The city plans to spend $3 million on infrastructure, lighting and beautification projects in the area, using funds generated within the TIF district.
Plans for King Cole Building call for $21M redevelopment, Motto hotel
Indy Propco LLC, which has owned the 11-story building at 1 N. Meridian St. since January, wants to turn the property into a Motto by Hilton that would have at least 116 rooms, according to plans recently filed with the Indianapolis Historic Preservation Commission.Read More
Council committee stalemate could stall plans for $66M apartment development
The Metropolitan and Economic Development Committee of the City-County Council could not reach a consensus Monday on a recommendation for a long-delayed 11-story downtown project at 421 N. Pennsylvania St.Read More
Could land trusts keep housing affordable, avoid gentrification?
In a quest to create permanently affordable housing, about 25 Indianapolis community groups and development corporations have formed the Community Land Trust Coalition.Read More
Ideas abound on where to put Indy Eleven soccer stadium
Owner Ersal Ozdemir isn’t revealing possible locations for his $550 million Eleven Park project, but community leaders and other observers are bandying about lots of options.Read More
TWG Development could save $1.4 million on the 188-unit Wesmont, named after jazz guitar legend Wes Montgomery. It’s part of the company’s larger redevelopment project south of East 16th Street and east of the Monon Trail.
Following a multimillion-dollar renovation, a far-east-side building that was on track for demolition is set to emerge as a retail-startup hub that supporters say could revitalize a neglected part of town.
After a legal battle and mediation, Centier Bank plans to relocate its branch while the owner of the historic tower at Pennsylvania and East Washington streets prepares to revamp it as a swanky hotel.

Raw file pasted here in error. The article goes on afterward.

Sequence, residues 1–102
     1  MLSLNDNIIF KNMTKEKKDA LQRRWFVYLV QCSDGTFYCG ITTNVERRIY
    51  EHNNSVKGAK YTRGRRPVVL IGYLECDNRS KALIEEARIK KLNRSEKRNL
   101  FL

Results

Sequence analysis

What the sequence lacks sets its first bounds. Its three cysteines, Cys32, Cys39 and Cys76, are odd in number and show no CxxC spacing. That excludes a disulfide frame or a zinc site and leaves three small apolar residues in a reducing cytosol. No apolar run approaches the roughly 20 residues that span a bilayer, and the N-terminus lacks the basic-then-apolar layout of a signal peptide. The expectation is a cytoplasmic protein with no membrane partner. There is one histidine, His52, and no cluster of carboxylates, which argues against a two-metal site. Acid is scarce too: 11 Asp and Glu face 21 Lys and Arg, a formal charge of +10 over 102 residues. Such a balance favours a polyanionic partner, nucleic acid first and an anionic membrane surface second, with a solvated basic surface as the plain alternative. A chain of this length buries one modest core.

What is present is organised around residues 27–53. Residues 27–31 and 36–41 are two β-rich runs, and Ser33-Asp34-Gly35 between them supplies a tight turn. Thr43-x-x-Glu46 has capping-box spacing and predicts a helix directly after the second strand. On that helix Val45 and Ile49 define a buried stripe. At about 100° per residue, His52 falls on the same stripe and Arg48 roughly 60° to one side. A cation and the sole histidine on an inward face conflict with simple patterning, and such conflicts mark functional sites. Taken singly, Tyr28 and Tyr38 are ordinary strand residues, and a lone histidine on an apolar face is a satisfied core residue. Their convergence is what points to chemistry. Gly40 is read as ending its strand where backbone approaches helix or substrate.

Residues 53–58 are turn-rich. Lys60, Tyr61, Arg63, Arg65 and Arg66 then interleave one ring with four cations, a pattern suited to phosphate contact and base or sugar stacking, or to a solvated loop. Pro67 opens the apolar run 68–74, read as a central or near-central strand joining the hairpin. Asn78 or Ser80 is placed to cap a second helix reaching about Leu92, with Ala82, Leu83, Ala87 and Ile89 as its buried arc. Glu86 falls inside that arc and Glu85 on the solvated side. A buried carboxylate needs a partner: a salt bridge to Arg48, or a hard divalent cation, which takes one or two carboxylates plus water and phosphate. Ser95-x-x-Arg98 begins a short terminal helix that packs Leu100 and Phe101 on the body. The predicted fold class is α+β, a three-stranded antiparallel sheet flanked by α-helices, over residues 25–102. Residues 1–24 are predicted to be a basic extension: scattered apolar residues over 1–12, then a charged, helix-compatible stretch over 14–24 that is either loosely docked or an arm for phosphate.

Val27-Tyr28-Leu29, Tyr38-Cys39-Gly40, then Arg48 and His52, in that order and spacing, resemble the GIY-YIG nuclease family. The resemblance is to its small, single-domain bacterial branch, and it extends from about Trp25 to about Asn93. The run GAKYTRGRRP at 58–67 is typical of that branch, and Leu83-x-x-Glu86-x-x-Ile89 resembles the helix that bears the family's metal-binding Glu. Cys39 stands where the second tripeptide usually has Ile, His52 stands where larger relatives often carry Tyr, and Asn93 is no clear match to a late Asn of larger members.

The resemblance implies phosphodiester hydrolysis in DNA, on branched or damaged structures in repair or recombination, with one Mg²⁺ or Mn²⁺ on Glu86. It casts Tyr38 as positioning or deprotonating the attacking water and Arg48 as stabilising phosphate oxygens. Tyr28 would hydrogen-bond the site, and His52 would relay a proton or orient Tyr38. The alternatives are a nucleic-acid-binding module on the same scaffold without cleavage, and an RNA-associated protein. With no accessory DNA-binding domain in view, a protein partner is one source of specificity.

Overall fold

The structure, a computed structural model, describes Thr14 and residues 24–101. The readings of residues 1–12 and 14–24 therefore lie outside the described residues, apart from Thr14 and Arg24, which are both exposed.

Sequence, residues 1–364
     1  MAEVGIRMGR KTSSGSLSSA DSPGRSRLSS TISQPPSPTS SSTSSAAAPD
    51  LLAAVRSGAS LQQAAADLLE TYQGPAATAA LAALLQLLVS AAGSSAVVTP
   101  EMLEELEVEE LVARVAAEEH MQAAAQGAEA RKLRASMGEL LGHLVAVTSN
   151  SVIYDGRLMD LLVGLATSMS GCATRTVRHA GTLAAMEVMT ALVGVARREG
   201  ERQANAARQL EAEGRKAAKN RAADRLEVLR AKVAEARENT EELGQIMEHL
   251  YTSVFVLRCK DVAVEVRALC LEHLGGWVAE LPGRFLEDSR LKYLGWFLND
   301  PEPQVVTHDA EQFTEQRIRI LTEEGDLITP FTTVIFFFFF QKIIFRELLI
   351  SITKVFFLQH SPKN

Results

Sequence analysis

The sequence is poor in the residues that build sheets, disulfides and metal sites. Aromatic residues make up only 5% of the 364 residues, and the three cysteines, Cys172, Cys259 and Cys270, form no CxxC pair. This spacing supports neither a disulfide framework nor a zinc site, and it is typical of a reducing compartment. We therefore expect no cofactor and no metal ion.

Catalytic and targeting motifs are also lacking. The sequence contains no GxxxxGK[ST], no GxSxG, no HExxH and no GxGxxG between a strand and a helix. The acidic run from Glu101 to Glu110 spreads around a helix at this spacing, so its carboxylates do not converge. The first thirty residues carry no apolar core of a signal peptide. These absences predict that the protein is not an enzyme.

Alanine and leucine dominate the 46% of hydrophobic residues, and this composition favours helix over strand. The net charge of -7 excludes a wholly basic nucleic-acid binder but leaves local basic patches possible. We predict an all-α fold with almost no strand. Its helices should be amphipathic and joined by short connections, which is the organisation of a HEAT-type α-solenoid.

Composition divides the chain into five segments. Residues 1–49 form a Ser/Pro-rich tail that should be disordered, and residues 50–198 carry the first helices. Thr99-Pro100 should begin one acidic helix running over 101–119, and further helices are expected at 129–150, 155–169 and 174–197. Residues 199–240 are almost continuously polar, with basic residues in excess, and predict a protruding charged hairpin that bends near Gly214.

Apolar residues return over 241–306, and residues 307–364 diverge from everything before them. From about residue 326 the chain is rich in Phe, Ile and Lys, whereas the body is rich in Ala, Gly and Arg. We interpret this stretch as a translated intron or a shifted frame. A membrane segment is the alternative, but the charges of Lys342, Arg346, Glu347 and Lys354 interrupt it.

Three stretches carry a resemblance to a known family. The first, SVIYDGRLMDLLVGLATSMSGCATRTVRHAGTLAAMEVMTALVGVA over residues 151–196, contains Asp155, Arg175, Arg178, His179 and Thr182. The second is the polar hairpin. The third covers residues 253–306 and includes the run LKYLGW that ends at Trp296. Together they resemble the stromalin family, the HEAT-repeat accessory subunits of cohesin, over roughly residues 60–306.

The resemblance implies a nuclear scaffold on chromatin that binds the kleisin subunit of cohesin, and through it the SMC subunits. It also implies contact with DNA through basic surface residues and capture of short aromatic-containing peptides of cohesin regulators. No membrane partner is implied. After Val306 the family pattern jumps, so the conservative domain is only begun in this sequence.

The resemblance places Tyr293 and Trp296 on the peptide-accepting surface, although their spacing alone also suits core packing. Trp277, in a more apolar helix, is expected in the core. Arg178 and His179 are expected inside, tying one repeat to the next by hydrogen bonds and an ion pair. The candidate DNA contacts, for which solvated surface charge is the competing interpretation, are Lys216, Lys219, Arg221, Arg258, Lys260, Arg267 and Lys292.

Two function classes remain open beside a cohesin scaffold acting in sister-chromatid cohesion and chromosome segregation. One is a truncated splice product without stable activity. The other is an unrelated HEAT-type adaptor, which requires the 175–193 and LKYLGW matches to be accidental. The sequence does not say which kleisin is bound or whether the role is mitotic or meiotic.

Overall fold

The financing plan for the two-site $40 million project near the Athenaeum was advanced by a City-County Council committee just days after a group opposed to the project accused the developer of unprofessional conduct.
Real estate agent and nearby resident Kelly Lavengood says she was inspired by other rehab projects in the area to buy and renovate the former Pure Oil gas station on 38th Street.
The Kurt Vonnegut Museum and Library is hoping to raise $1.5 million to acquire the building, which would house the museum and a cafe operated by the owners of Bluebeard restaurant.
A new, $4.3 million Lilly Endowment grant is poised to spark the transformation of a one-mile stretch of East 10th Street into a hotbed for the arts.
The struggling Irvington Plaza retail center and vacant Ford/Visteon manufacturing site are among the neighborhood’s biggest dormant spots and redevelopment opportunities.
Their Bloomington-based owner is marketing them less than three years after completion. They include The Delaware, a high-profile complex at 22nd and Delaware streets.
Now that Bates-Hendricks has emerged as one of the city’s housing hot spots, its neighborhood association is focusing on the commercial boom residents believe will follow.
The local developers of The Ardmore see the apartment-and-retail development as a bookend to the massive Bottleworks project on the other end of Mass Ave.
The proposed five-story complex, planned for the heart of Broad Ripple, drew concern from residents over potential parking issues, the height of the proposed buildings and the future of the alley running north-south through the property.
The Rock initiative is providing affordable homes and spurring other big changes in the far-east-side neighborhood.
A towering limestone monument to a long-ago Indianapolis mayor will be transformed into a performance venue at Riverside Park, thanks in part to a Lilly Endowment Inc. grant.
The old industrial building, which has about 130 tenants, has been in redevelopment mode since 2015.
Hospitality industry observers say this is far from an ideal time for Kite—a publicly traded real estate investment trust specializing in shopping centers—to veer outside its core business and tackle what would be a risky and colossal project that easily could cost more than $600 million.
The project is slated for an odd triangular parcel along one of Fountain Square’s main arteries as the neighborhood’s resurgence continues.
A brewery and restaurant that hoped to be part of the revitalization of the south end of the Butler-Tarkington neighborhood has closed, citing “unexpected circumstances.”